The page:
NEWPORT, R.I. (NNS) — Responding to the opening of the Arctic region to increased human activity, the U.S. Naval War College (NWC) is exploring the geopolitical future of the area.
A course at NWC, Arctic Security in an Age of Climate Change, is part of the Arctic area of study elective track and explores the future and how the Navy and other global stakeholders will likely participate as climate change continues to alter the region.
Walter Berbrick, associate professor of war gaming and the course instructor, says that leading the class is exciting as the group studies an area of the world not well understood.
"How often does a new ocean open up? Not very often," said Berbrick. "So we are looking at current trends as the region evolves, gets warmer, ice melts, and opens up new areas to activities such as shipping, fishing, resource exploration and even tourism."
The course has been part of the curriculum for just a year and is in response to the increased attention the Arctic region is getting as it becomes more accessible. According to Berbrick, that will lead to more potential issues.
"As human activity increases, so does the likelihood of some kind of event that will require a U.S. response," he said.
And activity likely will increase.
In the recent document "U.S. Navy Arctic Roadmap 2014 - 2030" published by the Office of the Chief of Naval Operations, the traditional maritime routes in the Arctic region will be available to traffic more days each year.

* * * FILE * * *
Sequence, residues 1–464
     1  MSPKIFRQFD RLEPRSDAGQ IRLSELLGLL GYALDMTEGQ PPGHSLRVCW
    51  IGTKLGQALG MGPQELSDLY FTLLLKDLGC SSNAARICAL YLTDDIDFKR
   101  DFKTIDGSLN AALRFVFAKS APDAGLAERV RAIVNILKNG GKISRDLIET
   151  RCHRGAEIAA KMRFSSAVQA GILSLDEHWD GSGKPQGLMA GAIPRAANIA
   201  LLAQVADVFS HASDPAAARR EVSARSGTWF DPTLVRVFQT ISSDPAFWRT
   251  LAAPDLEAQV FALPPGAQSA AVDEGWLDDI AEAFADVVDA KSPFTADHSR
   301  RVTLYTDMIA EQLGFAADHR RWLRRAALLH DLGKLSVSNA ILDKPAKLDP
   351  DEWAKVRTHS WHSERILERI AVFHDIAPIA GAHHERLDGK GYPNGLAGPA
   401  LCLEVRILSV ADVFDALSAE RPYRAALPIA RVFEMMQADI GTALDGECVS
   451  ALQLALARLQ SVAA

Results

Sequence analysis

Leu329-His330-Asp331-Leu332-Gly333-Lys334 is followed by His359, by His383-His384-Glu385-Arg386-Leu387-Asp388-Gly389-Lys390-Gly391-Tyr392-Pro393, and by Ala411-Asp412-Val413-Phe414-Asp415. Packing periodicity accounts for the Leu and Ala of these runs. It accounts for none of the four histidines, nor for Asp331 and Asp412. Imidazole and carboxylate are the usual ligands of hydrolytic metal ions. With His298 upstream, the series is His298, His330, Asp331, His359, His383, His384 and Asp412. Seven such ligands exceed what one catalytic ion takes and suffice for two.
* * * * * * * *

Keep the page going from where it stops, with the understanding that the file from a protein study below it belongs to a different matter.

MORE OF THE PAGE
For example, the Arctic Sea route known as the Transpolar Route (roughly 4,170 nautical miles from the Bering Strait, across the Arctic Ocean, to the North Atlantic Ocean) currently is clogged by ice, having greater than 40 percent sea ice coverage year round.
According to the roadmap, in 2025 there will be two weeks each year of open water. Open water is defined at less than 10 percent sea ice.
In 2030, there is predicted to be fully six weeks of open water each year. There will also be an additional 10 weeks each year of shoulder season, where 10 to 40 percent sea ice is predicted.
"We are looking at real-world problems," said Berbrick of the course.
Student papers written for the 10-week course focus on topics that will help defense leaders to better understand the future of the region. The papers will also inform policy makers as they develop Arctic and Navy strategy for the region.
"We are looking down the road at what the Navy and the U.S. government need to deter or respond to a crisis in the region," Berbrick added.
Because of the low level of human activity, the region has been somewhat peaceful, according to Berbrick.
"Prevention of war is the real key here," he said. "In an area and a region that doesn't have much activity and has a low likelihood of conflict, keeping along that peaceful trend line is the preferred solution."
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